Species that form the basis of indigenous lifestyles -whales, seals, reindeer, and many birds- are under increasing threat from climate change. Impacts include melting permafrost in Arctic Canada reported by Inuit hunters, severe extreme weather events in the Russian North, loss of winter ice in hunting territories in Unalakleet, Alaska, ice rain that freezes the ground in the Sámi´s homelands, arrival of new species to the North and warming of the previous cold ocean waters.
“The Sámi have an ecological knowledge of their own, rooted in the traditional way of life. They have their own knowledge derived from experience, long-term observation, and the utilization of natural resources. This knowledge is best expressed and transmitted through the Sámi language,” says Sámi researcher Elina Helander.
Local impacts have economic, cultural and social ramifications. Indigenous knowledge can offer important insights into climate data. These climate change observations build on countless generations, since time immemorial. This November, Reykjavík will witness scientists, together with policymakers, and representatives of the indigenous organisations launch the Arctic Climate Impact Assessment; ACIA.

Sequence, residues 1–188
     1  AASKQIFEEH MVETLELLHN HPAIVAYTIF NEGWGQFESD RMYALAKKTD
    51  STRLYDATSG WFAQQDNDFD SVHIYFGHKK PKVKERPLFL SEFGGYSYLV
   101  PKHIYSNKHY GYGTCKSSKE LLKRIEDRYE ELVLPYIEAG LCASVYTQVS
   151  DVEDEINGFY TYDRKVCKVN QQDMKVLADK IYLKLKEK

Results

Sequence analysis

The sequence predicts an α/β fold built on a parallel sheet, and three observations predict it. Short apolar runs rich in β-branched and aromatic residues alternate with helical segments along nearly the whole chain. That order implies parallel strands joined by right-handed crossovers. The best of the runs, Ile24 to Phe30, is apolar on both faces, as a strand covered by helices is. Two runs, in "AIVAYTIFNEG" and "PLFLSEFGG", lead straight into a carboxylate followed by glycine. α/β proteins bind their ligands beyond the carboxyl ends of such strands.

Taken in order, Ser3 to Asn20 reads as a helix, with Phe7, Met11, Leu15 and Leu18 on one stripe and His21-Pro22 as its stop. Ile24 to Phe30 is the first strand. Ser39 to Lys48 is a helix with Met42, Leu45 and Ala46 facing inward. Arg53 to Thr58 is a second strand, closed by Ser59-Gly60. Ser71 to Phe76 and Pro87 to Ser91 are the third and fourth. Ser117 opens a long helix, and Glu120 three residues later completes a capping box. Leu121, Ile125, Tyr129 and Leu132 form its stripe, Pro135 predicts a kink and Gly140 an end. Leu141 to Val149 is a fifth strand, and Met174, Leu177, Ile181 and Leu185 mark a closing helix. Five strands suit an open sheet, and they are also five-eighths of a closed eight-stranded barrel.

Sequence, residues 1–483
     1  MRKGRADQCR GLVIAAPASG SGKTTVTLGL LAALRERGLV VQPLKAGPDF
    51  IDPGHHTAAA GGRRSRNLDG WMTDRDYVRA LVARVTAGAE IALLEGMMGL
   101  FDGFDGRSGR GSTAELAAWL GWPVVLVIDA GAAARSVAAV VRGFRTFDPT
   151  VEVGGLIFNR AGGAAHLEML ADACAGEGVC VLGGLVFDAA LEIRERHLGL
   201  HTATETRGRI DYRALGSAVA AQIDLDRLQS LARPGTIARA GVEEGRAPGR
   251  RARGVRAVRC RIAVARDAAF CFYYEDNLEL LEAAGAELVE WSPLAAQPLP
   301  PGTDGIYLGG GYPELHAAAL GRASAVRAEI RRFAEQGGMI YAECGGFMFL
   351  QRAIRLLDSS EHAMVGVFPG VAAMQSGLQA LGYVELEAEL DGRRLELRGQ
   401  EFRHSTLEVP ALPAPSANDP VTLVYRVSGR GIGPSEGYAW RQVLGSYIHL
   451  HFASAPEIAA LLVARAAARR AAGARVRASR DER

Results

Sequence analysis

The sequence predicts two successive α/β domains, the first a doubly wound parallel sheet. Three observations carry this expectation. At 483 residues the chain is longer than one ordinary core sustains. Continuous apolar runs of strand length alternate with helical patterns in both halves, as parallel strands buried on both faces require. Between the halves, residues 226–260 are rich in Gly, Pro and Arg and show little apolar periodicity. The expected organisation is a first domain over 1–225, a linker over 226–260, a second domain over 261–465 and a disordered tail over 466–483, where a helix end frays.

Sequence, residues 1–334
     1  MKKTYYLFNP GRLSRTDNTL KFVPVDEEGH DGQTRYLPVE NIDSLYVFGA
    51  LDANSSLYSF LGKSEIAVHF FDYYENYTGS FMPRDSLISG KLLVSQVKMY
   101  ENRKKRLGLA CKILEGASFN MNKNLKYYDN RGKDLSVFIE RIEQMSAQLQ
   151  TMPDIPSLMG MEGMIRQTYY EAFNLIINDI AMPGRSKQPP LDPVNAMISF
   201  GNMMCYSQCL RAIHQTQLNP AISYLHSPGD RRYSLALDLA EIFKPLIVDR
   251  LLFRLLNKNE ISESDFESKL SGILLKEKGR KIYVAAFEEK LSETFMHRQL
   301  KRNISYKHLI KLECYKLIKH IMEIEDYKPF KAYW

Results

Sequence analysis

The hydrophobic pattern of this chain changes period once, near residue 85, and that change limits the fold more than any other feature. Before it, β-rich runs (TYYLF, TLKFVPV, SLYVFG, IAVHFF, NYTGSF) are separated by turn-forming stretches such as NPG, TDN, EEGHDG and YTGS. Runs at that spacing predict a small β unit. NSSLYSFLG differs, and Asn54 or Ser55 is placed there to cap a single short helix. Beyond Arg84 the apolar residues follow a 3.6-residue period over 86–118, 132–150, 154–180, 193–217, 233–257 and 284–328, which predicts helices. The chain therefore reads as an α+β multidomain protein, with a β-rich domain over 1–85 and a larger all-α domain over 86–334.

ACIA is the most significant assessment of changing climate in the North. The Kyoto Protocol is the policy tool to limit greenhouse gasses. The USA pulled out of Kyoto in 2001 and in fact delayed the release of the ACIA until after the elections. The launch of ACIA is a historic event in the Arctic. Not only does it confirm findings of the international studies on global warming, but it is the first report of its kind to recognize ”Indigenous observations of climate change”. This means that local knowledge of circumpolar cultures that has enabled them to survive for millennia has finally been recognised officially.
We have now discovered that the unlimited misuse of fossil fuels by the richest countries has changed our climate. With the messages of the ACIA report in mind we stand at a crossroads. Russia has decided to ratify the Kyoto Protocol. We have a historic chance to let go of the abusive, colonial past in the Arctic. By working together with local participants we can document and re-learn traditional knowledge from the people who still know the land. I hope that Arctic representatives in Reykjavik will listen and understand these messages.
Tero Mustonen is a Finnish poet and a fisherman who manages Snowchange, a project to collect local observations of change across the Arctic. He is living in Akureyri, teaching at the Social and Economic Development Department of the University of Akureyri.